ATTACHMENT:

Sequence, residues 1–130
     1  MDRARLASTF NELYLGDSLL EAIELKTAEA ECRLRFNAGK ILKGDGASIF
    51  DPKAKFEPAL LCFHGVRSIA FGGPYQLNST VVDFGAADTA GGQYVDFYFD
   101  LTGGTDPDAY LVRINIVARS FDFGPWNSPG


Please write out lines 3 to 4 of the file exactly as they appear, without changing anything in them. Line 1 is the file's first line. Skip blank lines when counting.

    51  DPKAKFEPAL LCFHGVRSIA FGGPYQLNST VVDFGAADTA GGQYVDFYFD
   101  LTGGTDPDAY LVRINIVARS FDFGPWNSPG